1. QFG3 was almost uncompleteable if you chose Fighter, just because of the initiation in the village often bugged out as you went to throw the spear, though. (Yes, it was throwing.) :) (As QFG4 often didn't allow you to get through the swamp to fight the Chernovy.)

      I think that KQ5 was one of the most egregious for dead ends in this era - the real problem not necessarily being the sheer quantity of them (though that clearly is an issue!) but how easy many of them are to manage. You eat the wrong food? DEAD! You use currency in a sensible way? DEAD! You walk out without seeing the rat chase the cat, presuming it to be scenery given it only happened the once? DEAD!

    2. I'd actually vote Police Quest 3 as even worse. You ignore something not so obvious in the middle parts of the plot and you are effectively dead-ended, but you will see it only at the very end of the game!

    3. I'm starting to think this is a standard feature of adventure games.

  8. I'm pretty sure I played the floppy version. That sequence with the cat is... not cool. Especially for such a high profile game. Not only it dead-ends you without warning -- you have a window of a few seconds to avoid it.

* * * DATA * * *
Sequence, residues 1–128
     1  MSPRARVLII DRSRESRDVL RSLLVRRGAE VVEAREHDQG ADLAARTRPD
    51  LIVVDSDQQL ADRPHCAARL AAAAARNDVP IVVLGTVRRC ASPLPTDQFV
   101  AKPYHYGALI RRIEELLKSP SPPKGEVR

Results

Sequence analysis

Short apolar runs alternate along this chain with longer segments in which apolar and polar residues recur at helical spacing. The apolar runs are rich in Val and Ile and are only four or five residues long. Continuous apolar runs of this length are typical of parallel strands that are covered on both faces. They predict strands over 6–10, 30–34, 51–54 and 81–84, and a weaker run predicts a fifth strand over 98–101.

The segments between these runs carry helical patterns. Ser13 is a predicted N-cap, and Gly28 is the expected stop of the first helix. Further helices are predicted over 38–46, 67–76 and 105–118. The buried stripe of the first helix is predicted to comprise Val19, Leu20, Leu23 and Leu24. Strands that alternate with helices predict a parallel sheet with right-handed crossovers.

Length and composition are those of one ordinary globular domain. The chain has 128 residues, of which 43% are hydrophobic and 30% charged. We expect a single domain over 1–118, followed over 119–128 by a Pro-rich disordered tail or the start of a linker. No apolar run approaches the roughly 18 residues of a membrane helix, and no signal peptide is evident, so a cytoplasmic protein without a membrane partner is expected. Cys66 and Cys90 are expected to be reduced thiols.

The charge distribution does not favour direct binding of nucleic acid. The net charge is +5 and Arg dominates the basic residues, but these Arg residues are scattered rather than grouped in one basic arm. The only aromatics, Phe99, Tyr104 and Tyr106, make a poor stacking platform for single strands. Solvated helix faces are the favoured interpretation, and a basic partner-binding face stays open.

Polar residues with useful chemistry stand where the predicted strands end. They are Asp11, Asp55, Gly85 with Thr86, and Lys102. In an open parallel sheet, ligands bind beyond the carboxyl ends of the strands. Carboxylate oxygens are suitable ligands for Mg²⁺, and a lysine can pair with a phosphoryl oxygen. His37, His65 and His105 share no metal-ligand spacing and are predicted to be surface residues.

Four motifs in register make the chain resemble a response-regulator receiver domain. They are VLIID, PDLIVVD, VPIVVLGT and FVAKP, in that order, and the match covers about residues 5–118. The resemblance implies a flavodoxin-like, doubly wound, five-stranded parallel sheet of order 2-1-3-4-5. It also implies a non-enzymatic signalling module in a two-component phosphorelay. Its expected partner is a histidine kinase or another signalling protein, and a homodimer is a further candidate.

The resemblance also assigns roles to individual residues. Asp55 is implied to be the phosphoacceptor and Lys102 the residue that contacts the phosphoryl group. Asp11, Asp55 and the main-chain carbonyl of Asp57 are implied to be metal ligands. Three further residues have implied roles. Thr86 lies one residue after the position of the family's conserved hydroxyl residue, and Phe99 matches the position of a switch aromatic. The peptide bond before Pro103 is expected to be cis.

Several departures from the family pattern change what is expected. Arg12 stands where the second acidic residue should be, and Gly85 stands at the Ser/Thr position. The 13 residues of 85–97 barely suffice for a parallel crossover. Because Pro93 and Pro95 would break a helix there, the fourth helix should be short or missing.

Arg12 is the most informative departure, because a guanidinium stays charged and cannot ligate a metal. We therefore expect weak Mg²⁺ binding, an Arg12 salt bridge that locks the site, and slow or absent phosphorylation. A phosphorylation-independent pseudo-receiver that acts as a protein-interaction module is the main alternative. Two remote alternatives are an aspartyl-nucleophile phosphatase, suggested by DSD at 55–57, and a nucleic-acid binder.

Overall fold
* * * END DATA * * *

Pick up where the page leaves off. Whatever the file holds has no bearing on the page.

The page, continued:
I never got to the part where you have to randomly wait for 2 minutes but I'd put it into a similar category of unfairness. Though at least you can "solve" it by accident.

    I did like the wizard battle at the end. I assume it was a nod to / inspired by The Sword in the Stone?

    1. I uploaded a video showing how much time you get with the floppy version. You're right, you have 2 seconds between when the animals appear and when the cat eats the rat. And you're likely to spend that 2 seconds reading the first time through.

      The fact that the bluebird and road runner similarly appear and leave the screen and are purely background atmosphere whereas this is vitally important to finish the game but not needed until you're captured by a roc many hours later make it even less fair.

      And the dead end is so easy to avoid - just have it keep happening every time you try to leave this screen. The player can assume it's different cats and rats or that the rat escapes after they go off screen.